[¶11]   The appellant contends that the language of § 14-6-229(f)(vii) as it existed on July 15, 1994, should have been read as requiring that an evaluation be made in every case before a child or a parent may be ordered to undergo treatment or a program which is designed to rectify problems. We do not concur in the appellant's interpretation of the statutory language. The plain language of the statute reveals that the Legislature gave the district courts authority to require that a parent or a child undergo an evaluation and indicated treatment or undergo another program which was designed to rectify the problems which contributed to the adjudication. The phrase "evaluation and indicated treatment" denotes a single course of action. While an evaluation may be imperative in some cases, in other instances an evaluation may not be necessary in order for the district court to determine that a certain program may be beneficial in solving the problems which resulted in the minor's delinquent behavior. In this case, the district court was aware that problems existed between the minor and his parents. The minor had a history of running away from his parents' homes when disputes occurred. Additionally, the appellant admitted that he was at a loss as to what to do when the minor refused to follow the household rules. The district court acted within its statutory authority in ordering the appellant to attend parenting classes without first directing that he be evaluated.

[¶12]   The appellant also contends that the district court's order was unlawful because the district court failed to specifically find that the parenting classes constituted a "program designed to rectify problems which contributed to the adjudication." Initially, we note that the statute does not require the district court to make that specific finding. Evidence was presented to the district court which established that the parents had problems with discipline and rule enforcement within their households and that these problems contributed to the commission of the delinquent act. Since the parenting classes addressed discipline and communication issues, the classes constituted a program which was designed to rectify the problems that contributed to the adjudication. The district court properly ordered the appellant to attend the classes.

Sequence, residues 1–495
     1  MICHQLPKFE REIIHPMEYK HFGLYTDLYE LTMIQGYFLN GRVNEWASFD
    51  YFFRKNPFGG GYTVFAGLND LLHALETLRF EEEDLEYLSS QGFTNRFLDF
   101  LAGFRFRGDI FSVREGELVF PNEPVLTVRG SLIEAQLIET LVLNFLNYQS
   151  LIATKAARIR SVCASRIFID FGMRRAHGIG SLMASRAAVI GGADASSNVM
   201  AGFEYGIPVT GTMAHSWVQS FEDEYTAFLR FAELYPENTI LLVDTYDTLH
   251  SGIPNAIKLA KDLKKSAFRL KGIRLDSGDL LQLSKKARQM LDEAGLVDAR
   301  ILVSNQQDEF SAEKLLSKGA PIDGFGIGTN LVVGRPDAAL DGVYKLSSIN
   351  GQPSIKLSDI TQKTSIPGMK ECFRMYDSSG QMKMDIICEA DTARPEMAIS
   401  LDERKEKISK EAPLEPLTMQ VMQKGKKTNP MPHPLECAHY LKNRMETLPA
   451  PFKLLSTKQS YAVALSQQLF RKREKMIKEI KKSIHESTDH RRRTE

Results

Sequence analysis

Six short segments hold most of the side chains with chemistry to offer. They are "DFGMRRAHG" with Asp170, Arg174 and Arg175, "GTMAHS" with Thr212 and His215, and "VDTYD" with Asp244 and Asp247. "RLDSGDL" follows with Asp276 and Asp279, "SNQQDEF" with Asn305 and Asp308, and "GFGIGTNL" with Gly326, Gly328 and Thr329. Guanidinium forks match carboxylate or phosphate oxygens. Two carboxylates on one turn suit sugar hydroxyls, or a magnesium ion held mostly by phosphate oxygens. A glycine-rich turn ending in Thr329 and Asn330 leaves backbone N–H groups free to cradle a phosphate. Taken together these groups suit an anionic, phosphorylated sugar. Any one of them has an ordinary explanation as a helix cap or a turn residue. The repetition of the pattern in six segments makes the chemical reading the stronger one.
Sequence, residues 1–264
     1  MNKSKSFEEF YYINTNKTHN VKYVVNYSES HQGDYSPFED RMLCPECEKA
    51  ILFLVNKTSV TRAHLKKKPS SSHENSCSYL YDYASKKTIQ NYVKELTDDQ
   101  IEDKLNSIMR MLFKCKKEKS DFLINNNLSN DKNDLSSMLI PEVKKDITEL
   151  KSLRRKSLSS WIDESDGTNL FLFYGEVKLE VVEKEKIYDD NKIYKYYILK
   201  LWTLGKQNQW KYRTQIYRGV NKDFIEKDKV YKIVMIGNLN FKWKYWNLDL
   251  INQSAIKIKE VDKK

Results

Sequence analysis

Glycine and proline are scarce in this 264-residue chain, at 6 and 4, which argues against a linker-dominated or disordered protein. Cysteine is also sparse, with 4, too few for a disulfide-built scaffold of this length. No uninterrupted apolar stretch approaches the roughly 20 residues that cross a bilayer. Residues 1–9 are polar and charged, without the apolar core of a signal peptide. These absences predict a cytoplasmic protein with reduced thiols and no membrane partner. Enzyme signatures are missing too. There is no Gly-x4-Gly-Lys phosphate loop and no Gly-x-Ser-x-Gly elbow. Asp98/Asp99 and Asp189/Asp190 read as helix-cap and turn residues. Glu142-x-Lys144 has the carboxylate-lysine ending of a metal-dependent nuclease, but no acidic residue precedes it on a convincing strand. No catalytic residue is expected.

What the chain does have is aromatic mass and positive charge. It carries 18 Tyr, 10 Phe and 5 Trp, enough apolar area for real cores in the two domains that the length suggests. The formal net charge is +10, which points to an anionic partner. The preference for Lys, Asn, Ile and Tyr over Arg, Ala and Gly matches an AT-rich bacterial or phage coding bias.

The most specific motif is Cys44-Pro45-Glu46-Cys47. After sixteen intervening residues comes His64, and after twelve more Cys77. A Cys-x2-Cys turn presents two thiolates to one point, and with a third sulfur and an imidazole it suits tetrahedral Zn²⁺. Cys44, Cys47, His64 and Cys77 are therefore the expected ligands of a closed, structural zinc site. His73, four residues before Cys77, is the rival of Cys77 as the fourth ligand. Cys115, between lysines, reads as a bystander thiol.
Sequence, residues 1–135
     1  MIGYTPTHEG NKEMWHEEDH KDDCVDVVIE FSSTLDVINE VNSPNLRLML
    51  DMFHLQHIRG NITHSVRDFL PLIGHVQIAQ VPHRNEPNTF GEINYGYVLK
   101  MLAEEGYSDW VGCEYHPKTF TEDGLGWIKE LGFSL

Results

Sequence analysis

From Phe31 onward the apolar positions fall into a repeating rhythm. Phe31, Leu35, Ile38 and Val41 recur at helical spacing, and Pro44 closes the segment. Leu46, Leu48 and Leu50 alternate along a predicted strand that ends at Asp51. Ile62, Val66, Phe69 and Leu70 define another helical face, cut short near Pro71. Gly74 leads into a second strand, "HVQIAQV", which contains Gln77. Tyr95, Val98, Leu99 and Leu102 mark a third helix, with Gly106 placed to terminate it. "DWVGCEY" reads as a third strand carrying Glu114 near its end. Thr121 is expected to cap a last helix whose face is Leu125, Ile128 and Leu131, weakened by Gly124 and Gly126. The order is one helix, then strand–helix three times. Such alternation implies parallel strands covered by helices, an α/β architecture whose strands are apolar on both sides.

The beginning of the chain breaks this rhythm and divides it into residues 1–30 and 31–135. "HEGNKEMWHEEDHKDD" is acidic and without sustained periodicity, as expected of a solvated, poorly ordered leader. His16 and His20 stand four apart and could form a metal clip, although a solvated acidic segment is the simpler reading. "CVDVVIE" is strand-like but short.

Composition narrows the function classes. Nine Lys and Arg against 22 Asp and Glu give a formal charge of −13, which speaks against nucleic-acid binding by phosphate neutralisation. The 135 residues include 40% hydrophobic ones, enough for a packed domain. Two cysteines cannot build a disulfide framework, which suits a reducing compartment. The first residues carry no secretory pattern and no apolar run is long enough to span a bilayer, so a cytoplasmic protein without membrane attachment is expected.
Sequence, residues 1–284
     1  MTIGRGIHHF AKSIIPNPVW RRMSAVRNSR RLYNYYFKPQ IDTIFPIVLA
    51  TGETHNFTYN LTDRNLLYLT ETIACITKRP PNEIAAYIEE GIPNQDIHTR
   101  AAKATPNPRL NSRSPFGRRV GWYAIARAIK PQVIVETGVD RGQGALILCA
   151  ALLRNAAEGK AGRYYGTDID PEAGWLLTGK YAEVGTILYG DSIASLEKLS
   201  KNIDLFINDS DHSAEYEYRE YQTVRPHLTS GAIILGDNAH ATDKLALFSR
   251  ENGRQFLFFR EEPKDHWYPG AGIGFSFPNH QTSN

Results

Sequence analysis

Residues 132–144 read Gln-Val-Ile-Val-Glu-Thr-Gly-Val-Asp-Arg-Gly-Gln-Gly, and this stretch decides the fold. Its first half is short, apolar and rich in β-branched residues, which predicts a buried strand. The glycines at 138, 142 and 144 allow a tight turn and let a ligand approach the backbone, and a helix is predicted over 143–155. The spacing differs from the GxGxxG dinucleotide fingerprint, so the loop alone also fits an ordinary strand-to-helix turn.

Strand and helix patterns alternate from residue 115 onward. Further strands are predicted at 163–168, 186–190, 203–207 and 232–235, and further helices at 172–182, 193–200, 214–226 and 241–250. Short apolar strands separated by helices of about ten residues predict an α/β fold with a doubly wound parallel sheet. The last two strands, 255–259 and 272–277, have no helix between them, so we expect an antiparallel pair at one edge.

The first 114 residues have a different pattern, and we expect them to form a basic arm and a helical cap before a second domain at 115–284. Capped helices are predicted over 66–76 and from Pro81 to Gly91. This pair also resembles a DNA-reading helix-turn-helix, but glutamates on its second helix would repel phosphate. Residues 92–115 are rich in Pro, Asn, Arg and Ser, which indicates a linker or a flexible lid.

[¶13]   Even if the district court's order had been unlawful, the appellant could not simply choose to ignore its provisions. Failure to comply with a court order, notwithstanding the fact that it may be erroneous, may be considered to be a contempt of court. See GN, 816 P.2d at 1285; see also Leyba v. State, 882 P.2d 863, 865 (Wyo. 1994). The remedy which was available to the appellant was to appeal the order, not to make himself the judge of the validity of the order by his inactivity. GN, 816 P.2d at 1285.

[¶14]   In his second issue, the appellant questions whether the State had the burden of proving that he willfully violated the district court's order or whether the appellant had the burden of proving that his violation was not willful. This issue was precipitated by the district court's finding that, "when the State of Wyoming has shown the other necessary elements of criminal contempt of court in the above juvenile proceeding, the burden shifts to the defendant to show a lack of willfulness." We do not approve of the district court's decision to assign the burden of proof to the defendant for the "willfulness" element of the crime of criminal contempt under § 14-6-242.